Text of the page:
Before the dastardly virus disrupted our way of life, one could imagine that there would have been an updraft in attendance the last two springs at the Spec Towns Track.

COVID-19 deterrent protocols caused people to be turned away, all missing out on witnessing a marquee performer render world class performances. Matthew Boling, the Texan who has had Georgia on his mind since his first visit to the Classic City while a high school student, is a magnificent sprinter and an Olympic hopeful.

Every time he blasts out of the starting blocks, there is the likelihood that he will break another record, which has become habitual this spring. He has the kind of speed that turns heads in the 100, 200 and 400-meter sprints. In addition, he is an accomplished long jumper.

He is in the process of choosing the event in which he has the best possibility of making the U. S. Olympic team, which is like all teams across the world, wondering if the Olympics will take place.

In last Saturday’s meet after he had won the long jump (25 feet, 2 3/4 inches), he had taken the baton on the last leg of the quarter mile relay, sprinting with abandon to the finish line for first place. He then ran 45.87 seconds in the 400-meter event to finish second behind teammate Elija Godwin, who finished 45.86. Godwin is eyeing the Olympics, too.

If the 400 had been Boling’s only event of the day, he might have fared better. As it was, he was eager to extend congratulations to his capable teammate. Once Boling concentrates on the one event that he gives priority, this world-class athlete will likely be in the mix for a berth on the U. S. Olympic team.

An Olympic athlete has a short window in which to compete, and all eyes are on what might happen in Tokyo. The latest is that no foreign spectators will be allowed into the capital city’s “National Stadium,” but that the show will go on.

It was something of a downer last weekend with limited spectators in the stands to witness Georgia’s men and women track athletes performing at such a high level. This team is more than Matthew Boling, and he would be the first to advance that notion.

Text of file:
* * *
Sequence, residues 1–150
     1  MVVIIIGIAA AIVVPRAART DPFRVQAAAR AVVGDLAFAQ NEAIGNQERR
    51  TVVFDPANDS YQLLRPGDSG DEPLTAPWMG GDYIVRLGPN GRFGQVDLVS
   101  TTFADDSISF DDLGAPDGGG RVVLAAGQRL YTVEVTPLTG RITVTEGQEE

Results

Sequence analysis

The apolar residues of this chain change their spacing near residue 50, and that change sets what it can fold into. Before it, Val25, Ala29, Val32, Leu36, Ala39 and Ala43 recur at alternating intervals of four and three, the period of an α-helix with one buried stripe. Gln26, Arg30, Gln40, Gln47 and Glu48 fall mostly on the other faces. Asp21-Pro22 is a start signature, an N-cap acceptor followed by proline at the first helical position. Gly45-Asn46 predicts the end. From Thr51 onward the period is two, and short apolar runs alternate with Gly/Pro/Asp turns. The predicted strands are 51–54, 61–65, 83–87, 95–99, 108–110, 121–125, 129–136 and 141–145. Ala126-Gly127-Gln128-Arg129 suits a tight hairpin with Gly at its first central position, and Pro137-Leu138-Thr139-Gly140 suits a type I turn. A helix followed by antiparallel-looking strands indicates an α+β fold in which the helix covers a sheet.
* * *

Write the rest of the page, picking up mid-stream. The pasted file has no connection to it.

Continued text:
There is Jasmine Moore, who is the No. 4 all-time collegiate performer in the triple jump at Georgia and is another Olympic hopeful. Kayla Smith set the school record in the pole vault with 14-8 1/4, a fitting performance in her final home meet. She could well become a national champion.

I came to see Boling run, and I am happy to report that I was not disappointed. It was the only opportunity of the spring and there is the fear that this could be his last spring in red and black, owing to a number of circumstances. If COVID turmoil remains, who knows which crisis is next?

If things continue to go well for Matthew, however he should have a bountiful professional career. One suspects that his passion for a degree means that he will enjoy some measure of UGA campus residency with the passing of time. He likes it here, he likes his teammates, he likes the students and the professors. His parents were so taken by the landscape and atmosphere that they bought a home in Sandy Springs to be close to Matthew and his brother Michael who is enrolled at Georgia Tech.

Track is a sport in which you compete against yourself. You compete against the stopwatch. You have to grind; you have to commit to gut wrenching second effort. In the end, you may win or lose by a mere half second, the difference between collecting a medal or not; the difference between silver and gold may be on the line.

In the finest of weather, as perfect as it could be for a track meet, there was one race that merited special attraction—the women’s 1500 meters.

Anna Marian Block, a Georgia track coed, has experienced marked improvement in this event. She is a native of Athens with a Bulldog heritage that warms the heart.

Her maternal great grandfather, George Fesperman, of Waycross was a long time member of the UGA athletic board. The supreme loyalist, Fesperman could not have contained himself had he seen his great granddaughter dominate her race, winning by more than 85 meters, a very wide margin.

It was George Fesperman whom I have often enjoyed quoting about love of alma mater. Fesperman was a football manager in 1923 and had this to say about his alma mater.

“The University has been wonderful to me. She has done so many wonderful things for me and for all the people of the state. No one holds Georgia in higher regard than I do. There may be some, somewhere, who loves the University as much as I do, but none love it more. Next to my family, church and country, there is nothing but the University of Georgia. She will always have my love, my enthusiasm, my appreciation, my loyalty and all the support I can muster. I am so wrapped up in Georgia, it is real difficult for me to find fault even when she is at fault.”

Somewhere this doting alumnus was smiling at Anna Marian’s big day on the Spec Towns Track.

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